Morning Sounds

When I lie awake at 4:00 am, the only sound I hear is the low-pitched rumble of a motor. I think it is the motor on our neighbor’s spa. There are no bird sounds, so cars, and no sirens.

What I could do, at 4:00 am, is get up, open up the house and set the fans in the windows, pulling in the cool morning air in an attempt to keep the house cooler once the sun comes up. I could do that. I don’t. After a few minutes, I fall back to sleep.

At 5:00 am the birds awaken me. First it’s the mockingbird, beginning its call. Sometimes, not always, it is joined by a couple of towhees.  Not this morning; the mockingbird is a soloist for quite a while. I have read that the male mockingbird calls during this time because the female is sitting on eggs, and the male is warning predators that there is one badass mockingbird not afraid to take them on.

Around 5:30 the crows start. Crows are… how can I put this politely? Exuberant, but not melodic. They light in the big redwood tree and the sycamore directly behind the house. They caw and mumble. One particular call is common this time of morning; five caws in rapid-fire sequence, pause, five more. Some mornings I hear a distant response, five rapid caws. Checking in? I watched one of the neighborhood crows one day when he found a big scrap of a sandwich and a spilled soft drink on the asphalt. He sat on the streetlight and called, six or seven caws. He waited. He didn’t fly down and attack the food. A few moments later two other crows joined him and they flew down together to rip the soggy bread apart.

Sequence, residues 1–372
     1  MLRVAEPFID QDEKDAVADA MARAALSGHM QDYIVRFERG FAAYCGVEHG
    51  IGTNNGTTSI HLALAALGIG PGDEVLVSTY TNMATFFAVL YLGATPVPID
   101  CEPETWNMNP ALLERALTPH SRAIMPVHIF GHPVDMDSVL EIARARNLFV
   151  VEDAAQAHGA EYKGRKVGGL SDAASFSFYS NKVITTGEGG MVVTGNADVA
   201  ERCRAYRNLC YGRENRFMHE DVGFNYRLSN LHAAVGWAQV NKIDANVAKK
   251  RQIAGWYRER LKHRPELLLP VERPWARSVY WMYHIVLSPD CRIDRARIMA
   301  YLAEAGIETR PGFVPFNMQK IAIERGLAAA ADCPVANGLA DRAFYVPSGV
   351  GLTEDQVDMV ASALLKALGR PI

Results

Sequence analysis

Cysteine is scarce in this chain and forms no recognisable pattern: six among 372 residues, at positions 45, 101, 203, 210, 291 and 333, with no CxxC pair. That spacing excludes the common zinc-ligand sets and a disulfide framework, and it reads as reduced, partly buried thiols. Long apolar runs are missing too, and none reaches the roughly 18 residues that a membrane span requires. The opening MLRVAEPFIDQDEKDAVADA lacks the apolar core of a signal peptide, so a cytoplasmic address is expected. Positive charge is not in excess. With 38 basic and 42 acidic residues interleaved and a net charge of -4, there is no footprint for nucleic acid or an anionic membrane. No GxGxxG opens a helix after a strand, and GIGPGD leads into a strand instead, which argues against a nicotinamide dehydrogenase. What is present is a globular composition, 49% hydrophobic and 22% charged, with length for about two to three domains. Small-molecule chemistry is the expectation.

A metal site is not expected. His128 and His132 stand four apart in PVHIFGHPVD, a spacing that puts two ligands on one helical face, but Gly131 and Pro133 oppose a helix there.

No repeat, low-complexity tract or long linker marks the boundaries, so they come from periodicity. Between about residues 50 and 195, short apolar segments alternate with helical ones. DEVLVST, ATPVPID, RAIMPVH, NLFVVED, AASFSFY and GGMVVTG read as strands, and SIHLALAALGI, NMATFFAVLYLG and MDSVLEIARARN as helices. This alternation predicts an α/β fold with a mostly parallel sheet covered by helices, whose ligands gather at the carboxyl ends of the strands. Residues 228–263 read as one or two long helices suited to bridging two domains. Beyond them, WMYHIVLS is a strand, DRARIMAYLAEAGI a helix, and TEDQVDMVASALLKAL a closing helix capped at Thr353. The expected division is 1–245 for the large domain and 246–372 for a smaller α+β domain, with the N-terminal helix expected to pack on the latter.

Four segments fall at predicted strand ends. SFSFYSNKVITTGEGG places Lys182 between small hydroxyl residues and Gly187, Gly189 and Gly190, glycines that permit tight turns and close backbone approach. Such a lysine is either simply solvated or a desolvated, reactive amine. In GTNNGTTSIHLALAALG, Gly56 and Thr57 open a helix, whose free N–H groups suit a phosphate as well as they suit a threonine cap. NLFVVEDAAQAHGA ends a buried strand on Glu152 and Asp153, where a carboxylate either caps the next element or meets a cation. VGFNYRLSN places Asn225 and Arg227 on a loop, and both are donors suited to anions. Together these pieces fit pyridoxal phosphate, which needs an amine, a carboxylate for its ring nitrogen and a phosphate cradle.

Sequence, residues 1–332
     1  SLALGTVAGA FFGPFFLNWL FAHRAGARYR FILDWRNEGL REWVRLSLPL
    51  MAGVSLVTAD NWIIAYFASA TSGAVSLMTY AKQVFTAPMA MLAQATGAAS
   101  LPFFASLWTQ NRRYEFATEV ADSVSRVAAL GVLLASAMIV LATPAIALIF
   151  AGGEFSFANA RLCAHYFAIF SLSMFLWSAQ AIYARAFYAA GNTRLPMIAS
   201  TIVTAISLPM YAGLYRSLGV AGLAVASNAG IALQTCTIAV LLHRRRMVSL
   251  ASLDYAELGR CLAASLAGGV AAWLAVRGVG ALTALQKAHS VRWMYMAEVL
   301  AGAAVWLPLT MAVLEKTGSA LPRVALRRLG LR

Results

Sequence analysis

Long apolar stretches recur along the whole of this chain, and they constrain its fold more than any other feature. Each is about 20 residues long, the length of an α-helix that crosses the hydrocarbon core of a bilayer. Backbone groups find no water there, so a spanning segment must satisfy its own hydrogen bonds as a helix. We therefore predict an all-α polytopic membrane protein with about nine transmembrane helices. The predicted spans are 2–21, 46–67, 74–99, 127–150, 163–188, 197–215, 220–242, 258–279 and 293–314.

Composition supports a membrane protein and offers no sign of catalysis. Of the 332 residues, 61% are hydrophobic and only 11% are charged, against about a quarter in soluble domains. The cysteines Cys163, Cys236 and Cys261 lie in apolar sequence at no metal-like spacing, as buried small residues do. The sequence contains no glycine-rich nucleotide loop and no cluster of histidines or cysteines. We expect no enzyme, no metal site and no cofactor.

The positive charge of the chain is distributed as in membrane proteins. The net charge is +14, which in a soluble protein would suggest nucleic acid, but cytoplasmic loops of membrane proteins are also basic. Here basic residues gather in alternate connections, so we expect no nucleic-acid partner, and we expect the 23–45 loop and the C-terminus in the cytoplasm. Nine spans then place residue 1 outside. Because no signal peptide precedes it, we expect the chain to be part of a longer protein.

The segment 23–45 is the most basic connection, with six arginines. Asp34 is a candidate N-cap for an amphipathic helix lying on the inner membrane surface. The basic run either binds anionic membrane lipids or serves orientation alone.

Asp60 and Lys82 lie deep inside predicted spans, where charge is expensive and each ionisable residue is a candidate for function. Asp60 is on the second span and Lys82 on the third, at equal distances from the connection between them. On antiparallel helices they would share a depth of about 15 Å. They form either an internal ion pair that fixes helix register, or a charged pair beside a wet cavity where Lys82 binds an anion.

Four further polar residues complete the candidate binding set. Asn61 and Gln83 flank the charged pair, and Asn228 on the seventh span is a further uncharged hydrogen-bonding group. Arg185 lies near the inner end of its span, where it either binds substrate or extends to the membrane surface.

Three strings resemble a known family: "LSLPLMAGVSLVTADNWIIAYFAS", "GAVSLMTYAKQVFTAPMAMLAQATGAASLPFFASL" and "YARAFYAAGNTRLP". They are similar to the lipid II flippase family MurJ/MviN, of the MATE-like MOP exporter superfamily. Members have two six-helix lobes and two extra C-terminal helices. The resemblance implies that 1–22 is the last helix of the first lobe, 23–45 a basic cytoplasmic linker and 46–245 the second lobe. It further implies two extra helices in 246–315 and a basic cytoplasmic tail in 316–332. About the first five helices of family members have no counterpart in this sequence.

The alarm goes off at 6:50. Usually it’s music. This morning I did not get lucky; it was an advertisement for a restaurant. I have choices. I can turn it off completely and go back to sleep. I can hit Snooze. I can get up. At 6:50 there are neighborhood noises, sometimes; cars, garage doors laboring open. Once in a while the neighbor’s cat yowls to be let in, loudly enough that we can hear her next door.

Today I get up, for two reasons. The first is that it’s already warm and light, not truly conducive to more sleep. The second is that I am trying to be faithful to a routine that includes writing in the morning.

If I choose the first option and go back to sleep, I have one more back-up system out in the world. About eight o’clock, the Canada geese fly over on their way to the park. They sound like a tuba-and-saxaphone band tuning up – guaranteed to conduct me into the world of wakefulness.

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